Volunteer, Missionary

Elva Jenkins Hendershot, 90, a volunteer with the American Red Cross who had been a medical missionary in Burma in the 1920s and 1930s, died of congestive heart failure Oct. 26 at the Thomas House retirement home in Washington.

Mrs. Hendershot, who had lived at Thomas House since 1985, was born in Missouri. She grew up in San Diego and graduated from the San Diego School of Nursing.

She was a registered nurse and served as a medical missionary in Burma with the American Baptist Foreign Missions Society from 1924 to 1927, and again from 1932 to 1935.

She came to the Washington area during World War II. In the mid-1950s, her husband, Clarence Hendershot, became an official with what later became the Agency for International Development. From 1957 to 1965, she accompanied him on his overseas assignments to South Korea and Iran.

In 1965, they moved to Illinois. They returned here in 1972. Mr. Hendershot died in 1979.

Mrs. Hendershot was a Sunday school teacher at First Baptist Church of Silver Spring. She sewed quilts for the American Red Cross and was a member of the P.E.O. Sisterhood and the Baptist Women's Missionary Union.

Survivors include two children, Elaine H. Munson of Silver Spring and James B. Hendershot of Fairfax; a sister, Mildred Alexander of San Diego; four grandchildren; and a great-grandchild.


Budget Analyst

Mary Ellen Tolsdorf, 39, a retired Navy Department budget analyst who was a member of St. Andrews Episcopal Church in Springfield, died of cancer Oct. 29 at Alexandria Hospital.

She began working at the Navy Department in 1975 and retired because of ill health earlier this year.

Mrs. Tolsdorf, who lived in Springfield, was born in Philadelphia and came here as a child. She graduated from T.C. Williams High School in Alexandria and Ohio Wesleyan University.

Survivors include her husband, Carlton P. Tolsdorf Jr., and a son, Michael Ryan Tolsdorf, both of Springfield; her parents, William and Amelia Sheely of Alexandria; and two sisters, Elizabeth Sheely of Durham, N.C., and Susan Grooms of Clifton.


Woodrow Wilson Official

Dr. George W. Hoffman, 76, a retired University of Texas geography professor who was secretary of the East European program at the Woodrow Wilson Center here from 1985 to 1988, died Oct. 27 at George Washington University Hospital. He had a heart ailment.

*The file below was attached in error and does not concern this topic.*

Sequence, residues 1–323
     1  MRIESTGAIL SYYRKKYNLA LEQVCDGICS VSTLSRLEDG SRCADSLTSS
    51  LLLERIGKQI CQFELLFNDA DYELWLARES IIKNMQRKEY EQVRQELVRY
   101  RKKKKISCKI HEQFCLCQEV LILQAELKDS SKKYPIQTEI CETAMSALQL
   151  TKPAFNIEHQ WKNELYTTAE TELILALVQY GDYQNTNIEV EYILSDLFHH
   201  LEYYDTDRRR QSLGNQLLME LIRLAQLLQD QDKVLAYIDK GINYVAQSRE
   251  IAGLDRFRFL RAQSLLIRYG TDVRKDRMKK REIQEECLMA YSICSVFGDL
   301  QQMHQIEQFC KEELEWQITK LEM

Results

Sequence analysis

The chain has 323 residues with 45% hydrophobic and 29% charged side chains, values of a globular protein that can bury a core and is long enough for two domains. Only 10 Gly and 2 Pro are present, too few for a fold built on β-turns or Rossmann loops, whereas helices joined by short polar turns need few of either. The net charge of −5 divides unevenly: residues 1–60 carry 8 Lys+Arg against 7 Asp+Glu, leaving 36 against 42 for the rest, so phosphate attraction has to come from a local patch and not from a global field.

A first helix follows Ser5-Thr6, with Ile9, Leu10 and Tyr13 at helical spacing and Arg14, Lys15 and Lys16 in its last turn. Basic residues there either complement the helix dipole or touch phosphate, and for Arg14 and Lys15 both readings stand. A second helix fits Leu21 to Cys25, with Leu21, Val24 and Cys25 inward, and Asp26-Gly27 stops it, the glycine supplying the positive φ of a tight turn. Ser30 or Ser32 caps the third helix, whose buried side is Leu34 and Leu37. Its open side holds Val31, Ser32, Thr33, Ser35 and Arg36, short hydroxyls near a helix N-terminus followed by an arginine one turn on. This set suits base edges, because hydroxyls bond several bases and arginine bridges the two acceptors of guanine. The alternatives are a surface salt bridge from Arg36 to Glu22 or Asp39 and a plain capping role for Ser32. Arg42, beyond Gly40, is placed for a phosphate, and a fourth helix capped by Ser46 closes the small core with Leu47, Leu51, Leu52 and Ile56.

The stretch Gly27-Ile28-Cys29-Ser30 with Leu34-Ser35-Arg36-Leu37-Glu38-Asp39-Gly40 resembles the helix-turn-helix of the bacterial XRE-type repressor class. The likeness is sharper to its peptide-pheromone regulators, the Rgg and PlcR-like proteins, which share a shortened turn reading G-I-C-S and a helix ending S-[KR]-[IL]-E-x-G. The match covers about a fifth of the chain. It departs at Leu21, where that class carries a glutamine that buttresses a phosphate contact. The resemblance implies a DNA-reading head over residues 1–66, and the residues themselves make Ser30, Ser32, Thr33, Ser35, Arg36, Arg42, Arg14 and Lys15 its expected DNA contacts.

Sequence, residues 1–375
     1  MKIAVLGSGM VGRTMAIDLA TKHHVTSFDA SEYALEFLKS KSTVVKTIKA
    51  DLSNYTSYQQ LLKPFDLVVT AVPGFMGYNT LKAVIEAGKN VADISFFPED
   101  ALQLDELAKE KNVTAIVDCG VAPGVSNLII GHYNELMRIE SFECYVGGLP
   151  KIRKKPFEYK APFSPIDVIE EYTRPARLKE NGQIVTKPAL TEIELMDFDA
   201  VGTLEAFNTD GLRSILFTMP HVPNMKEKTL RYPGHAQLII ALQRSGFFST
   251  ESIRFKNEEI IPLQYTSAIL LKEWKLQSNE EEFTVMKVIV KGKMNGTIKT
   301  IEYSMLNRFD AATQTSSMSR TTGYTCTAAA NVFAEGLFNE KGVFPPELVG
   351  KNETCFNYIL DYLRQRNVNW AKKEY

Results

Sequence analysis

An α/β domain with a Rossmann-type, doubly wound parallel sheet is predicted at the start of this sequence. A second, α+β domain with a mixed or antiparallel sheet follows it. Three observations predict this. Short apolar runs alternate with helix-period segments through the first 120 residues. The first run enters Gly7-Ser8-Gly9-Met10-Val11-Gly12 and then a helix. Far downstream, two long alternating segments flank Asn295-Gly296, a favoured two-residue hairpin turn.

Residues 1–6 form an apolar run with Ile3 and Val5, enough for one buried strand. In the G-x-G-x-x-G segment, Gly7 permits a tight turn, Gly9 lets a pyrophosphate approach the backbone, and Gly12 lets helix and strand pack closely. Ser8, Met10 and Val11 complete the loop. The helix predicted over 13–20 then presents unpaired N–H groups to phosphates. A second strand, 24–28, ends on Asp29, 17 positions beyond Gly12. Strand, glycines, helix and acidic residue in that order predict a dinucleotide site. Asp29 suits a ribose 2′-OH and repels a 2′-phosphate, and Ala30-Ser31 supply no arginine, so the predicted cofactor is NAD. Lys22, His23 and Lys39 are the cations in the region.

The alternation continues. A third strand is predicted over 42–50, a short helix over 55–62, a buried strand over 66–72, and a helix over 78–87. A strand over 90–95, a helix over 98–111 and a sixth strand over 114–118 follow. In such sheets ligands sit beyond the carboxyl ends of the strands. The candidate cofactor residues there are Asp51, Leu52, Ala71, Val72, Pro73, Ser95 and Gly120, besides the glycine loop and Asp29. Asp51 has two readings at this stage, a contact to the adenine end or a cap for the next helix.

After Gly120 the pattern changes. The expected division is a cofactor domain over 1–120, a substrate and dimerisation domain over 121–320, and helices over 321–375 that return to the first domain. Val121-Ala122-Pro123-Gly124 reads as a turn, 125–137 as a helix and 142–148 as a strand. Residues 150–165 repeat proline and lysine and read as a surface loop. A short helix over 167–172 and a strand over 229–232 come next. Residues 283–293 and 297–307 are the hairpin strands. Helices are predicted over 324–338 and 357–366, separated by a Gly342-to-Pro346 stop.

Dr. Hoffman, who lived in Washington, came here in 1985, when he helped start the Wilson Center's East European program. He also served on the center's advisory council.

Dr. Hoffman received a law degree in his native Vienna before coming to this country in 1939. He received a doctorate in geography from the University of Michigan and served in the Office of Strategic Services during World War II. He taught at Michigan and at Indiana University before joining the faculty of the University of Texas in 1949. He taught there until retiring in 1984.

He was a Fulbright scholar and had served on the boards of Radio Free Europe and Radio Liberty. He was the recipient of awards from the Southeast Europe Society and the governments of West Germany, Yugoslavia and Austria.

His wife of 40 years, Viola S. Hoffman, died in 1984. Survivors include a son, A. Michael Hoffman of London; a daughter, Jeane S. Pendery of Dallas; and a sister, Elizabeth Zilberstein of Boston.


Auto Salesman

John J. Mullin, 96, a retired Washington auto salesman, died of pneumonia Oct. 28 at Sun Terrace Nursing Center in Sun City Center, Fla.

Mr. Mullin was born in Washington. During the 1920s he was a White House photographer, then worked as an auto salesman for Ourisman Chevrolet in Washington until 1966, when he retired and moved to Sun City Center.

His wife, the former E. Lillian Usilton, died in 1987. Survivors include a sister, Helen Furlong of El Cajon, Calif.